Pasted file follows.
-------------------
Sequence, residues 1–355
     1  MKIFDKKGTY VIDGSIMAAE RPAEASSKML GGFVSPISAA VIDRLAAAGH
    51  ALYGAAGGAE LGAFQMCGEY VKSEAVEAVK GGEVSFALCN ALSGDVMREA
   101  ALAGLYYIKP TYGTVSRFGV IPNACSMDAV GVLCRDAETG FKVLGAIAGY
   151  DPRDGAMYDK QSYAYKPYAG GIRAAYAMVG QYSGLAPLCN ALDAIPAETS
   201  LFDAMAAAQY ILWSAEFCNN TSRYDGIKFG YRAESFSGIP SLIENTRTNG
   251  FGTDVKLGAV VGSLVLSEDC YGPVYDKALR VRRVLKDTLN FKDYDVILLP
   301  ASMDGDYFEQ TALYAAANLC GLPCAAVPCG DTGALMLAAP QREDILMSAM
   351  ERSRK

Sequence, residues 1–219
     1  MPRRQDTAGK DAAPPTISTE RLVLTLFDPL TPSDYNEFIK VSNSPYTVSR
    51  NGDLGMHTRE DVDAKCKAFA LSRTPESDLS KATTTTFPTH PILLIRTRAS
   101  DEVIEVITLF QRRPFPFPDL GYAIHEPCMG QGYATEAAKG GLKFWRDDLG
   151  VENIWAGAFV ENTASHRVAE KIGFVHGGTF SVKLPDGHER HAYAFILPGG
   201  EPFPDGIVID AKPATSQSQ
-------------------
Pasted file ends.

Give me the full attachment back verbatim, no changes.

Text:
Sequence, residues 1–355
     1  MKIFDKKGTY VIDGSIMAAE RPAEASSKML GGFVSPISAA VIDRLAAAGH
    51  ALYGAAGGAE LGAFQMCGEY VKSEAVEAVK GGEVSFALCN ALSGDVMREA
   101  ALAGLYYIKP TYGTVSRFGV IPNACSMDAV GVLCRDAETG FKVLGAIAGY
   151  DPRDGAMYDK QSYAYKPYAG GIRAAYAMVG QYSGLAPLCN ALDAIPAETS
   201  LFDAMAAAQY ILWSAEFCNN TSRYDGIKFG YRAESFSGIP SLIENTRTNG
   251  FGTDVKLGAV VGSLVLSEDC YGPVYDKALR VRRVLKDTLN FKDYDVILLP
   301  ASMDGDYFEQ TALYAAANLC GLPCAAVPCG DTGALMLAAP QREDILMSAM
   351  ERSRK

Sequence, residues 1–219
     1  MPRRQDTAGK DAAPPTISTE RLVLTLFDPL TPSDYNEFIK VSNSPYTVSR
    51  NGDLGMHTRE DVDAKCKAFA LSRTPESDLS KATTTTFPTH PILLIRTRAS
   101  DEVIEVITLF QRRPFPFPDL GYAIHEPCMG QGYATEAAKG GLKFWRDDLG
   151  VENIWAGAFV ENTASHRVAE KIGFVHGGTF SVKLPDGHER HAYAFILPGG
   201  EPFPDGIVID AKPATSQSQ